Eiruvin 37 - 43
- Concept of bereira determining the halachic status of something in the present on the basis of what will develop in the future
- Applying this concept to eiruv, tithing and redemption of Second Tithe crops
- Making an eiruv when Shabbat and Holiday are back to back or for two days of Rosh Hashana
- Why Rabbi Sheishet refused to eat the deer meat
- Is there a mention of Rosh Chodesh in the Rosh Hashana prayers?
- The blessing of shehechiyanu on Rosh Hashana and Yom Kippur
- The clash between ending a fast and starting the Shabbat
- Leaving the techum the limit to which one may walk beyond his city on Shabbat and returning there
- Those who are victims of circumstances which cause them to lose control of their actions
- Beginning the Shabbat in an open valley which becomes fenced in that day
- The Sages on the ship on Shabbat
- Is flying by Eliyahu limited by the techum of Shabbat and why wont he arrive on Friday
- Rabbi Gamliels telescope
Fasting on Shabbat?
The general rule is that if any of the days in which Jews are obligated to fast in mourning for the destruction of the Beit Hamikdash falls on Shabbat, the fast is postponed to the following day so as not to interfere with the celebration of Shabbat.
One of the early commentators, Rabbi David Avudraham, is quoted by Rabbi Yosef Karo in his commentary on Tur Orach Chaim (550), as stating that the Fast of the Tenth of Tevet is an exception to rule. This fast day, which recalls the beginning of the Babylonian armys siege of Jerusalem which culminated in the destruction of the first Beit Hamikdash, can never fall on Shabbat according to our perpetual calendar. But if it could, as was possible in earlier times when the calendar was determined by the sighting of the new moon, we would be obligated to fast even though it was Shabbat. His logic is that in the prophecy of Yechezkel regarding the beginning of the siege, the term "on this very day" used to describe it is the same as that used in the Torah to describe Yom Kippur, and that just as we fast on Yom Kippur when it falls on Shabbat the same applies to the Tenth of Tevet.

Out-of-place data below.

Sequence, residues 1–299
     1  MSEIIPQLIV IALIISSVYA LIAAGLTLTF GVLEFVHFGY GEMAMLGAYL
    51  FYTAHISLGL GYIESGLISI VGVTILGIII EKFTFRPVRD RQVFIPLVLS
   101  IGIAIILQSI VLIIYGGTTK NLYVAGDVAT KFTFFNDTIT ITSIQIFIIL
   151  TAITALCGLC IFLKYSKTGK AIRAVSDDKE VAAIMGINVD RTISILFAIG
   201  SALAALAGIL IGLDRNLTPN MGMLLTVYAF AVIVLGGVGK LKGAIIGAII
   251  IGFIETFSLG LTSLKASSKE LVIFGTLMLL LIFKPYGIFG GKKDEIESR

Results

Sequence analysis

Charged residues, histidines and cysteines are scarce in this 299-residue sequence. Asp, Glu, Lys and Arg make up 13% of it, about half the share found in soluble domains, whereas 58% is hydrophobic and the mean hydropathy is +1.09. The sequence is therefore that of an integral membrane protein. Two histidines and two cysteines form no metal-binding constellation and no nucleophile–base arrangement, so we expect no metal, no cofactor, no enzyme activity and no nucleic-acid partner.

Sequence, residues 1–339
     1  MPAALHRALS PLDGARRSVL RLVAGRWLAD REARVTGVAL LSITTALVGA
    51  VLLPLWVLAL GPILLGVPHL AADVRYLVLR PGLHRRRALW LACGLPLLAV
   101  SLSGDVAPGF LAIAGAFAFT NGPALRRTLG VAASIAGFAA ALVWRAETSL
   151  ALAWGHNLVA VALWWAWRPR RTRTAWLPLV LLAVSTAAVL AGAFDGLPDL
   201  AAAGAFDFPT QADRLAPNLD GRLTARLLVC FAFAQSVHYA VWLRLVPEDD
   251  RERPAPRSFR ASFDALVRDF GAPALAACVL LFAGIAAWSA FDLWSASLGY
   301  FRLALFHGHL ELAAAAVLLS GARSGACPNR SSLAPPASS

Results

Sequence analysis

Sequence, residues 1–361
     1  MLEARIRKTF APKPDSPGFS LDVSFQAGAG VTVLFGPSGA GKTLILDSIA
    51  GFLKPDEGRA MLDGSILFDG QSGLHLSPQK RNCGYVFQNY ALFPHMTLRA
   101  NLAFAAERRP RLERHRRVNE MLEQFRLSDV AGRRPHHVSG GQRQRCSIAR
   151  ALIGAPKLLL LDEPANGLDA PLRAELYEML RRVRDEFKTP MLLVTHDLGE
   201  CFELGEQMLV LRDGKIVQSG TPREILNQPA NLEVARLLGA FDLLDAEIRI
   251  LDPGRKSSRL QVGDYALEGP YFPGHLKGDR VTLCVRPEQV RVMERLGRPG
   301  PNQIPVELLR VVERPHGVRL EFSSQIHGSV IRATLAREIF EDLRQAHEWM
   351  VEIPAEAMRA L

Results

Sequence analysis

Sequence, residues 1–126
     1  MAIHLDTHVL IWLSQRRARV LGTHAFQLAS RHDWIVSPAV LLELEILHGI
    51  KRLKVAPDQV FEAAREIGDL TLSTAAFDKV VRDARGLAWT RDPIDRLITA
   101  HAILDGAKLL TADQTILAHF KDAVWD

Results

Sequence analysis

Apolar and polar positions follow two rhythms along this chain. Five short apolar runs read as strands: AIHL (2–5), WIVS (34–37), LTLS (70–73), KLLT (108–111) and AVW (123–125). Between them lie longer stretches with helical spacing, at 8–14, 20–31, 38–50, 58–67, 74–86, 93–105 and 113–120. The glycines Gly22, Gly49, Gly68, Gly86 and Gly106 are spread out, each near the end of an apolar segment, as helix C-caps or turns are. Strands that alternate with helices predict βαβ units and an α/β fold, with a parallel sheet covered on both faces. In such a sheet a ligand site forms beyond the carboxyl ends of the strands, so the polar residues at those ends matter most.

Although no Talmudic source is mentioned for this unconventional position, it is suggested by the author of "Ohr Somayach" on the Mishneh Torah of Rambam that the source may be found in our gemara. The Sage Rabbah asked Rabbi Huna whether an individual yeshiva student who committed himself to fasting on Friday must complete his fast even though he enters Shabbat in a suffering state. Why, asked the "Ohr Somayach", didnt he pose the same question in regard to the four mandatory communal fasts? The answer is that in his time the perpetual calendar was already in effect and the only one of the fast days which could fall on Friday is the Tenth of Tevet. There could be no question regarding extending that fast day into Shabbat because that particular fast day would be observed on Shabbat itself if the two collided. Based on this analysis, he concludes, Rabbi David Avudraham arrived at his position.
What the Sages Say
"If one failed to include the blessing of shehechiyanu in the kiddush for a holiday, he must make it whenever he remembers, even if he is out on the street."
- Rabbi Nachman - Eiruvin 40b